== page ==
Photos by Robert Hubner, WSU Photo Services
WSU President Elson S. Floyd said the university is poised for progress and success, despite the possibility of difficult economic times ahead, in his State of the University address delivered Wednesday at the Bryan Hall Theater on the Pullman campus.
“I urge each and every one of you to have confidence in uncertain times,” said Floyd, who became WSU’s 10th president in May 2007.
President Elson F. Floyd greets faculty and staff  at State of  University address
“WSU is entering into a new era of change and vitality.  We will need everyone’s support to make this vision happen.  I want one university for and of all of the constituents of this university.  I want the promulgation of policies that enhance the entire institutional climate for all of our faculty, staff, TA’s and graduate and undergraduate students alike.  We are after all a community – a collective – with a common purpose unified around academic excellence and preeminence,” Floyd said. (To watch a videostreamed recording of the president’s address, click on the following link.)
The WSU president stressed the central role of the university’s faculty both in building the university’s reputation and in leading the way to the progress that he sees ahead.
“Let me be clear:  we must protect our academic priorities; we must protect our current employees, and we must never apply budget reductions across the board for to do so puts us in a circumstance of mediocrity, and mediocrity is unacceptable,” Floyd said.
The president said, by taking steps earlier this year to limit hiring and other expenditures, WSU has put itself in better position to deal with any budget reductions that might lie ahead.
William Cofer, Faculty Senate chair
William Cofer, Faculty Senate chair, introduces Floyd
Floyd recounted many of the institutional and individual accomplishments of the university in recent months – record enrollment and fundraising; the opening of the new Compton Union Building in Pullman and the Bioproducts, Sciences and Engineering Laboratory in the Tri-Cities; establishment of the new School for Global Animal Health and the Edward R. Murrow College of Communication.
He also cited a number of faculty members who had received major grants, including an $8 million defense grant to the Applied Science Laboratory in Spokane that was announced Wednesday and a $3.69 million grant from the National Science Foundation to increase the representation and advancement of faculty women in science, technology, engineering and mathematics disciplines.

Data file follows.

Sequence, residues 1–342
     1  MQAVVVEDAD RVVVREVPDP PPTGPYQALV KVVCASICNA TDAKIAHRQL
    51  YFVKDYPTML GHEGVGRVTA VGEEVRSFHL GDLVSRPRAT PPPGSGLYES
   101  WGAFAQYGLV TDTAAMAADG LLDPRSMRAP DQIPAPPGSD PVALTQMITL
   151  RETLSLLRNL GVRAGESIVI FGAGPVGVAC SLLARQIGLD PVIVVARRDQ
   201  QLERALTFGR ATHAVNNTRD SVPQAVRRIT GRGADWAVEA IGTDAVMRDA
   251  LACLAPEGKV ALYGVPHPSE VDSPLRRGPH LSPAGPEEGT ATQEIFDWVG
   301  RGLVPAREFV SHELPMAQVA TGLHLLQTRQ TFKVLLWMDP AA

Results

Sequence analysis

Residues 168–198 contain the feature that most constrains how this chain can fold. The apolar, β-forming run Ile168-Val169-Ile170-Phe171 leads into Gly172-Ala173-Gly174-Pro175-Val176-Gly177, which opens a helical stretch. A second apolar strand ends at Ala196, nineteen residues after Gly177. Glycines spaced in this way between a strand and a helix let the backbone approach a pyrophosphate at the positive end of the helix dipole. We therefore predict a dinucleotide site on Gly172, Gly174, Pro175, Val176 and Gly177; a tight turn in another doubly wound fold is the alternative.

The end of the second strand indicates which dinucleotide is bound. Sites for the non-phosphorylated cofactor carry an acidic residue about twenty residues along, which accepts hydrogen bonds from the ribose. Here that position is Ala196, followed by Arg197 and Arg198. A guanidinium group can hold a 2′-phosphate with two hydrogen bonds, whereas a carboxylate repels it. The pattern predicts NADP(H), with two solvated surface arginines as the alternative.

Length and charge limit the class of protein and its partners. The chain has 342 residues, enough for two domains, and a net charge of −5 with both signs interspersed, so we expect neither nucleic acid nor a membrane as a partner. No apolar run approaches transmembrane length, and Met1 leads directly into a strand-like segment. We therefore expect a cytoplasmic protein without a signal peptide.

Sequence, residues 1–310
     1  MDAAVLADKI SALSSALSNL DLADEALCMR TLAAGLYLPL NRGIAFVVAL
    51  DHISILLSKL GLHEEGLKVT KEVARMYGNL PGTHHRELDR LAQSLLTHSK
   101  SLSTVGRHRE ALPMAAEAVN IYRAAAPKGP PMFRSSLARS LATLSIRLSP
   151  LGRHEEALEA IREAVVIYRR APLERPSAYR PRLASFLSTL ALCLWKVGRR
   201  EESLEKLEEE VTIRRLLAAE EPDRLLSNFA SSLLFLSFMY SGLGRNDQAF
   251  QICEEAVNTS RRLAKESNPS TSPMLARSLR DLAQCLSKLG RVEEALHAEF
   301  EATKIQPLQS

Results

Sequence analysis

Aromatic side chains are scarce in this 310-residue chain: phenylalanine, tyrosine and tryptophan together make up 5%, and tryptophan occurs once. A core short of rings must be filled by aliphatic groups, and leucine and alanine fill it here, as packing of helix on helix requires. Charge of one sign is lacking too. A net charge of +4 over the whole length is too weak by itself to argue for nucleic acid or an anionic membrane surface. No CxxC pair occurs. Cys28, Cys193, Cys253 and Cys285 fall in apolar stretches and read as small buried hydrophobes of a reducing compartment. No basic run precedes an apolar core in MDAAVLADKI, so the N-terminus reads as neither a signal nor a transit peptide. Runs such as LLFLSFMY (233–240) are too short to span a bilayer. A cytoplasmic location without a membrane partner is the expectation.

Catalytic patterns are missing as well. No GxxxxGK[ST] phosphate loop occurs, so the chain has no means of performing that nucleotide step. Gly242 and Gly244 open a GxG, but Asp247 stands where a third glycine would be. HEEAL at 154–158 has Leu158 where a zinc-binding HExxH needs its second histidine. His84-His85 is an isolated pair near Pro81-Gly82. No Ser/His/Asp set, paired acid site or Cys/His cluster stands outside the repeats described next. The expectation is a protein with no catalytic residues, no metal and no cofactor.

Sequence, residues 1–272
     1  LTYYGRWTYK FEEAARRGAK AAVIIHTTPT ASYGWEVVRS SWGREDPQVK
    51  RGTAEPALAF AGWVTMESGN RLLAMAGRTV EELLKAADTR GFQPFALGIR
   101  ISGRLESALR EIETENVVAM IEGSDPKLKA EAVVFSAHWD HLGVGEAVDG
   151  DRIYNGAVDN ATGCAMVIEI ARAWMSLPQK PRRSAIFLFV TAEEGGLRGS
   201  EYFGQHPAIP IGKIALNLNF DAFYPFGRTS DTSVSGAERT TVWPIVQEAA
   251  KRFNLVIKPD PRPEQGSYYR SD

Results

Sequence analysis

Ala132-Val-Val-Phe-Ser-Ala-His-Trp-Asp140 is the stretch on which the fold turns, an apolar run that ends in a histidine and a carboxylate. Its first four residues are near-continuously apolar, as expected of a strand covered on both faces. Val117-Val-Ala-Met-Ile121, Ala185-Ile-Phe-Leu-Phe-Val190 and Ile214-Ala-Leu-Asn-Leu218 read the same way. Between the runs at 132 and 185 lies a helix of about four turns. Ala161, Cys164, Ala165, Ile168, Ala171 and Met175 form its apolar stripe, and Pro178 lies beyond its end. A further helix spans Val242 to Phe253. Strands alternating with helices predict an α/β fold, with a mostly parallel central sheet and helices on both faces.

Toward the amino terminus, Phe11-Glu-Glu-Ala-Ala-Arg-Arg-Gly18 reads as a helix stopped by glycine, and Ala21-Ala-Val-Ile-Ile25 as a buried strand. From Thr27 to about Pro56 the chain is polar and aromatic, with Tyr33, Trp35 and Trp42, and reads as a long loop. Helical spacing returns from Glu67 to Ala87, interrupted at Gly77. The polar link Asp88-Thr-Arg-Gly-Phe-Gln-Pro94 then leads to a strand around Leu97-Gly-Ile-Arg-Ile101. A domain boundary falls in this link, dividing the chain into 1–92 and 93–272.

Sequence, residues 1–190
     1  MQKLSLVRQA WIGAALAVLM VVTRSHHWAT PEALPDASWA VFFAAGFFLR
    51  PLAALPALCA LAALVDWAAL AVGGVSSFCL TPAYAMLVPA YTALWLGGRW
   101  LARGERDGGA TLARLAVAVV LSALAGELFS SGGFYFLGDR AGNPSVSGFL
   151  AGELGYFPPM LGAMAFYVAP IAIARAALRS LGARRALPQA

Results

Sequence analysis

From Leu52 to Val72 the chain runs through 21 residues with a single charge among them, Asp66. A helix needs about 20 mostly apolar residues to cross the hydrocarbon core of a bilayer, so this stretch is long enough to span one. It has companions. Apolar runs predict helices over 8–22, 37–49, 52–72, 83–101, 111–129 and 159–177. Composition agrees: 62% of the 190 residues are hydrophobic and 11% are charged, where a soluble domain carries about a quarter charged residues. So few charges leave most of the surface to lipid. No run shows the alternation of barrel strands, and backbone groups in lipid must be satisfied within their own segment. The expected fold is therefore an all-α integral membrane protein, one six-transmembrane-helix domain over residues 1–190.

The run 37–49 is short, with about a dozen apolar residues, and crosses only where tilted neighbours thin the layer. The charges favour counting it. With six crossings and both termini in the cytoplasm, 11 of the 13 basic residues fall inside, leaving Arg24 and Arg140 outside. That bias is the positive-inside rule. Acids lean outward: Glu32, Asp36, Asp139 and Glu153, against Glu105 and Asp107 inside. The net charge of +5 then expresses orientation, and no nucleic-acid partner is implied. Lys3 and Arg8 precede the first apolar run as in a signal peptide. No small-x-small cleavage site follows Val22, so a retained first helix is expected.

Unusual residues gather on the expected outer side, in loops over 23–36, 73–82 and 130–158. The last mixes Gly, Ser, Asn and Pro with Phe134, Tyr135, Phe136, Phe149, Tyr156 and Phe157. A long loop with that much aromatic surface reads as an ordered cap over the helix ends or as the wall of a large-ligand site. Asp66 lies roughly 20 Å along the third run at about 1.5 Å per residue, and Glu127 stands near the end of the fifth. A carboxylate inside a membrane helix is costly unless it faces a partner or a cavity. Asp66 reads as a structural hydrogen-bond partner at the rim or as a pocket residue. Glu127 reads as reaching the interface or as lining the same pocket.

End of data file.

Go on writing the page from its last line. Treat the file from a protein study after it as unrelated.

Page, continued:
Floyd played to a nearly packed house of interested faculty, staff and students
Floyd pointed to the university’s revised strategic plan, recently approved by the Board of Regents, and said that it would provide direction for the university’s future. The plan is built around four tenets: To achieve national and international preeminence in innovation, discovery, and creativity; to provide a premier education and transformative experience that prepares students to excel in a global society; to lead in relevant local, national, and global outreach and engagement; and to embrace an environment of diversity, integrity, and transparency.
Floyd acknowledged that he had focused public attention on several programs of excellence during his first year as president – including veterinary medicine, agriculture and communications.  He said he planned to expand that focus in the upcoming year to highlight additional areas of excellence.
“To all of you who are part of the WSU team, we are going to do everything in our power to support your activities,” he said.


WSU Regent Ken Alhadeff, middle, gives thought to Floyd’s comments


Floyd also said he and wife Carmento planned to fund a student scholarship at WSU.
The speech was broadcast to the Pullman, Spokane, Tri-Cities and Vancouver campuses and at WSU West in Seattle and was webstreamed on-line.
To watch a videostreamed recording of the president’s address, click on the following link.
A view from the Bryan Hall balcony
Media seeks additional comments from Floyd after his address